Following the warm spell many good souls were planting their tomatoes and peppers and awoke this morning at 20F witnessing shriveled up dead plants. I suspect that the first rule in Spring gardening is understanding the weather and plant when it is going to stay warm. I do not plant outside the greenhouse before 15 May, at an elevation of 2500 feet; Christiansburg/Blacksburg is 500 feet lower and a tiny bit warmer. Colorado people at 10,000 feet really have problems with the cold.
A soil thermometer is also a big help since it takes a few days for the soil to remain constantly warm, say 55F. Tomatoes will not grow below 55F, and barely grow at that temperature. A cold ground to plant corn will give you rotted seeds. If you have very short growing seasons you can try with row covers of clear plastic for your lettuce and such. Cabbage, collards, broccoli sets tolerate cold weather but not freezing. There are surprise cold snaps even into July. I prefer to take PVC ½ in pipe, bend to a hoop over the row beds, say a foot high covered in greenhouse plastic clear view. Cheap painters plastic will not tolerate sun and start to degrade quickly when you touch it. With broiling sun/heat you can gently roll up the side and snap close with a clothespin; close the covers for night chill.
After determining what you are going to do with the cold you can, in advance, till your garden plot, fork it and rake, or even plow and harrow. The important thing to remember is plants grow best when they have the right pH. This potential hydrogen factor allows the specific nutrients to be made available to the plants’ roots, and subsequently up into the plant you are growing. Generally most garden plants want a pH of about 6.8 on a meter scale. These meters are inexpensive and found in garden stores and on Amazon.com. You will note that the scale on the easy to read meter goes from zero to 14; 7 being neutral. Each subdivision of the meter is exponentially effecting your fertilizer intake-so with the growing recommended indexes provided by the manufacturer you can be very specific.
Let us assume your pH reading, taken at several parts in the garden plot reads 6. pH. This is unsatisfactory so you must raise the pH up to 6.8 pH. That .8 negative is exponentially making miniature plants. Yes there will be growth, but no energy is getting to the plant no matter how much fertilizer you pour on.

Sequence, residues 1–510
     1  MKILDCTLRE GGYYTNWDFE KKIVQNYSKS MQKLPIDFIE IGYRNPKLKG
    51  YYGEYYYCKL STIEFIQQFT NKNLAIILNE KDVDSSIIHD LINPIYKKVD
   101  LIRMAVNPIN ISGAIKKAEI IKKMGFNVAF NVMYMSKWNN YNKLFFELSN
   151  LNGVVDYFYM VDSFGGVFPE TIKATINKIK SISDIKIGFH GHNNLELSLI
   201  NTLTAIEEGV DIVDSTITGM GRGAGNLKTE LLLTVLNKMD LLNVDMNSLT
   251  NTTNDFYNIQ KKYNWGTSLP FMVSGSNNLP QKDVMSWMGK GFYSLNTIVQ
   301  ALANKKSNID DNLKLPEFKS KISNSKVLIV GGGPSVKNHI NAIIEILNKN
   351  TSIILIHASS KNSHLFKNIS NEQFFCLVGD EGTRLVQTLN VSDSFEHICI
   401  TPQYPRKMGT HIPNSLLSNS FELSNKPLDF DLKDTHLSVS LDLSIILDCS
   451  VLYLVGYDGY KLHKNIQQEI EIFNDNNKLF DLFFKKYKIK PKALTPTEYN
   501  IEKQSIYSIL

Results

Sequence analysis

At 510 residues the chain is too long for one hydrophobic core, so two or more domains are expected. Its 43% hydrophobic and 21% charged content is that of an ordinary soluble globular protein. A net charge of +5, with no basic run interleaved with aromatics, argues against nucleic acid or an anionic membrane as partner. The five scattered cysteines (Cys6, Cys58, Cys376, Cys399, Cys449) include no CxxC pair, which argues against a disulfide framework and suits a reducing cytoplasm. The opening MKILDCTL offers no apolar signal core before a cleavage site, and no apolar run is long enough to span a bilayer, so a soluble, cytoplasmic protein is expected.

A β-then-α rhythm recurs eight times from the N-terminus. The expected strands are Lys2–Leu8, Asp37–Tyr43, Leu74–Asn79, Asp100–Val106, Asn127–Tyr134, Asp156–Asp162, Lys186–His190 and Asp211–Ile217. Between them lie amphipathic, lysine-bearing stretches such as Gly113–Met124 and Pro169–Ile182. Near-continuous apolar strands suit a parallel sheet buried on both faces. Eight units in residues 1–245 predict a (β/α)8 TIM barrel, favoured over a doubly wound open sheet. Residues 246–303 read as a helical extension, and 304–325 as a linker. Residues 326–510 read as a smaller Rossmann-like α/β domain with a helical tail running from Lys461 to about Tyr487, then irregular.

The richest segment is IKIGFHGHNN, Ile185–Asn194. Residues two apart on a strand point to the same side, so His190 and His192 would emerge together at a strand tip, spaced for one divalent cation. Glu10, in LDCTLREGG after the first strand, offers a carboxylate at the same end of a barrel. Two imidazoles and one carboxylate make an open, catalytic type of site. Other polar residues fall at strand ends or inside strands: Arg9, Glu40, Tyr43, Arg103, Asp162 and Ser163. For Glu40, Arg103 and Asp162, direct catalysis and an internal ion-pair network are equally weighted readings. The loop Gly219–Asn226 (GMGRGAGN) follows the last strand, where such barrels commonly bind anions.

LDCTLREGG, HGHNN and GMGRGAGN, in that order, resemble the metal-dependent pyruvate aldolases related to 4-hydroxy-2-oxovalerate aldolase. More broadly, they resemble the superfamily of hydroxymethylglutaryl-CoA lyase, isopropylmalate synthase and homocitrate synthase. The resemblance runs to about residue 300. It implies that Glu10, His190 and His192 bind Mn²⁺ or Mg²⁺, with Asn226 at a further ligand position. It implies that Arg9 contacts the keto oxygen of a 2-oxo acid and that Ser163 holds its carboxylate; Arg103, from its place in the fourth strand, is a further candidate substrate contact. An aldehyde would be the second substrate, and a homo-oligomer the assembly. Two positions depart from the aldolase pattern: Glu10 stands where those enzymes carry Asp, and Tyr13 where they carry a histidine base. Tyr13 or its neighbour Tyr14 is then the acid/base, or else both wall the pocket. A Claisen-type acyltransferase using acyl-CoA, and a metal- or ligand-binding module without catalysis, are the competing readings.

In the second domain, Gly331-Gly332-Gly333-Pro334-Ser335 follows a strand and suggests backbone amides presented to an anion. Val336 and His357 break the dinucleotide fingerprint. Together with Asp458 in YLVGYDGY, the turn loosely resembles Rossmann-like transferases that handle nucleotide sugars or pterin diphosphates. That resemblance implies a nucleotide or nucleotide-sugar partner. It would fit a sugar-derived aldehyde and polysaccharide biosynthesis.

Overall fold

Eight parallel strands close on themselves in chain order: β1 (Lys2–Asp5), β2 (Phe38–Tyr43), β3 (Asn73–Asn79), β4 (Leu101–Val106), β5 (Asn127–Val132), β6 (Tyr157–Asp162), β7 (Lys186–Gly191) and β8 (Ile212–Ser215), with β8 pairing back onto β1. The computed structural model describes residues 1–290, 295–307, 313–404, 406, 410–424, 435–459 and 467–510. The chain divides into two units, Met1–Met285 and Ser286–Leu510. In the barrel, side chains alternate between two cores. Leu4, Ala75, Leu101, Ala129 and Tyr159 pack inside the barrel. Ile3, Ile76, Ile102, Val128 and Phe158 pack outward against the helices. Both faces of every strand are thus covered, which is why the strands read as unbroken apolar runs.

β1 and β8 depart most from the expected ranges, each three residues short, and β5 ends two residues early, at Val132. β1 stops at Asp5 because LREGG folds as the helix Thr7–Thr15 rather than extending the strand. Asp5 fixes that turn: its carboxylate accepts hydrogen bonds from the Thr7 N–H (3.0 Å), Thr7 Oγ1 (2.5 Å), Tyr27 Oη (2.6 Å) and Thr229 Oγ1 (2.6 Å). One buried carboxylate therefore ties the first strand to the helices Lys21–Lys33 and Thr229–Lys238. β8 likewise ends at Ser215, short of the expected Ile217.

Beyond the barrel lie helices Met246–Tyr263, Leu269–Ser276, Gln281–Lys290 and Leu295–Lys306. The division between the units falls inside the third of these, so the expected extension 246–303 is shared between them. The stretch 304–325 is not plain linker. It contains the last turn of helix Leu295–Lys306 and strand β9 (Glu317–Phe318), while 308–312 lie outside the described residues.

To raise the pH is a slow process and better started in the fall. However the beginning gardener is anxious to get started. I suggest that you use 1 pound of powdered Dolomite Limestone for each complete index on the pH. Meter, per 100 square feet. In this case I would start to raise the pH from 6 to 6.8 by broadcasting the powder by hand, or fertilizer duster, at about 1/3 pound, tilling it back into the soil, preferably with a roto-tiller such as a Troy Build Tiller. Wait two weeks and retest. If low, add some more. Then re-till and wait and retest. Now you see why it is best to do this in the fall time.
Let us assume you reading a pH of 7.5. This is where you dust with GARDEN SULFER DUST sold in garden centers in 1 or 2 pound bags. I suggest making a duster by using an old milk jug, punching some small holes in it, add the sulfur and gently MIST the dust over the garden plot. This is a very light dusting and the acidity rises very quickly; after tilling you can retest. That quick! You are advised because of the acid nature of garden sulfur to wear gloves, eye protection, and old clothes you can quickly wash. I always take a shower after dusting. Keep small children out of the dusting otherwise their eyes will water and be uncomfortable.
I hope to make another video for you about setting plants; probably in May. I have 3 videos so far.